Ascendant also organized due diligence seminars at which brokers and RIAs could get information about the GPB Funds and meet with the representatives of the GPB Funds. The GPB Funds were pitched to brokers and investment advisers as offering a rare opportunity for individuals to invest in private equity—a category of investment that is typically only available to institutional investors.
However, according to information disclosed in offering materials for the GPB Funds, approximately 14% of investments in the GPB Funds went to pay fees, including 11% in combined selling fees, commissions, wholesale fees and placement fees), a 2% management fee, a 1.25% organizational expense fee and an acquisition fee between 1.75% and 2.85%.
In total, between approximately August 2013 and March 2019, GPB Capital received approximately $79 million in management fees and the GPB Funds paid GPB Capital approximately $599,000 in acquisition fees. Ascendant and its affiliated broker dealers generated approximately $187 million in selling fees and approximately $26 million in acquisition fees during the same period.
Despite the current revelations concerning the extent of this fraud, there were sufficient red flags concerning GPB Funds and GPB Capital’s business model since exception.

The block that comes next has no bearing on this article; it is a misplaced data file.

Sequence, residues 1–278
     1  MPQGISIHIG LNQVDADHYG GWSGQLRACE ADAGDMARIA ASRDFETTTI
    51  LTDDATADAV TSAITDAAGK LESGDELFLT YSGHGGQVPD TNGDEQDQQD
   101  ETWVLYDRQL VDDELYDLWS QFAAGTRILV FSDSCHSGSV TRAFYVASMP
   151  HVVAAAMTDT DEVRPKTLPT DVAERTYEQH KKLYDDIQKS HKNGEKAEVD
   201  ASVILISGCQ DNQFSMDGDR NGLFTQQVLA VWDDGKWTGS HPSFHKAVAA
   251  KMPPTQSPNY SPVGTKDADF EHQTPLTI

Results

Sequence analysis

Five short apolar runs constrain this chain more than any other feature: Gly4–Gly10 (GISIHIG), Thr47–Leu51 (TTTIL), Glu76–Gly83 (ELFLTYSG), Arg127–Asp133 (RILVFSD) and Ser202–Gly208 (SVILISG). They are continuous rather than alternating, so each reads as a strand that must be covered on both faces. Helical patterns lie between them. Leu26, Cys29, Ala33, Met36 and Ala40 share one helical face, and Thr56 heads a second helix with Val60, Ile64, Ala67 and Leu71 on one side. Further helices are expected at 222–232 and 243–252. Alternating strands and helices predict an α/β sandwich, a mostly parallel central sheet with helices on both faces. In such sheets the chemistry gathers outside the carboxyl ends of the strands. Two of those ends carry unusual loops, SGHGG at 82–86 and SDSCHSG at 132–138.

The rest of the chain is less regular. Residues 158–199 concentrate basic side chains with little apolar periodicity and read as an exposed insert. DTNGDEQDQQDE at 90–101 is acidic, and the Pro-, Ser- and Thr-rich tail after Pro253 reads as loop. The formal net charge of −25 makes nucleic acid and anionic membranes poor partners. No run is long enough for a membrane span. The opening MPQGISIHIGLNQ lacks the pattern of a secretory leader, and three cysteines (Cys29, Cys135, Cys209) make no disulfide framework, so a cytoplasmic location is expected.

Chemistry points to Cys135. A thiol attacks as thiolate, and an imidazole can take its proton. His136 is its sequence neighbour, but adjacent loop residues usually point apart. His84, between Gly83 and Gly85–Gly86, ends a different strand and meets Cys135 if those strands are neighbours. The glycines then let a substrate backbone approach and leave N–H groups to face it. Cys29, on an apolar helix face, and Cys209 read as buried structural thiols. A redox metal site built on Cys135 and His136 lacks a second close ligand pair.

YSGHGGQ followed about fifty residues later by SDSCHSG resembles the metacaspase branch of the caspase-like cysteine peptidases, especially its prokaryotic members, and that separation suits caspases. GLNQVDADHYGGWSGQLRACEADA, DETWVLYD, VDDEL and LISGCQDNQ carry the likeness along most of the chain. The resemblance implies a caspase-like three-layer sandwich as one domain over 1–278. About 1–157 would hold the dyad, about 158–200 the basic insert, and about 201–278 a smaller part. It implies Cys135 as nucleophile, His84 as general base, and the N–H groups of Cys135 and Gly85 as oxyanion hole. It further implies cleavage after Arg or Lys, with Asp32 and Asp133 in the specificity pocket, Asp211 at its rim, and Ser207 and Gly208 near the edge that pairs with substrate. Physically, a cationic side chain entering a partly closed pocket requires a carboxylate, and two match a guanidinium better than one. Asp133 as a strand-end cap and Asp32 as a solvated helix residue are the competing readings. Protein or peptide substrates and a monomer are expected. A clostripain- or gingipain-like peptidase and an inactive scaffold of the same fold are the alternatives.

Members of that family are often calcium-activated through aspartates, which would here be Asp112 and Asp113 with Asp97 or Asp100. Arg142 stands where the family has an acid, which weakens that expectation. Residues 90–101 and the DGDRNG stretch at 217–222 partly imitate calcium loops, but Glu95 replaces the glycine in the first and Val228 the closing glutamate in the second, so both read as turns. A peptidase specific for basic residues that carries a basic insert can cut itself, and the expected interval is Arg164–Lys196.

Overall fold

Investors concerned about their GPB Funds and GPB Capital, ought not to be concerned about the Company’s actual fraud, they should be concerned about the self-dealing (for commissions) and lack of due diligence in connection with the recommendation and sale of these funds to customers.
If you have are a victim and have suffered losses as a result of the purchase of GPB Capital and its related entities, contact us for a free, confidential evaluation of your claim. Representation offered on a contingent fee basis.
The Guiliano Law Group, P.C.
Our practice is limited to the representation of investors. Over the last three decades, we have recovered more than a hundred million dollars for more than 1,000 injured investors from all over the United States and several foreign countries. We accept representation purely on a contingent fee basis, meaning there is no cost to you unless we make a recovery for you. There is never any charge for a confidential consultation or an evaluation of your claim. For more information, contact us at (877) SEC-ATTY.
For more information concerning common claims against stockbrokers and investment professionals, please visit us at securitiesarbitrations.com.
To learn more about FINRA Securities Arbitration, and the legal process, please visit us at securitiesarbitrations.com.
If you believe that you have been the victim of brokerage fraud, contact us for a free consultation.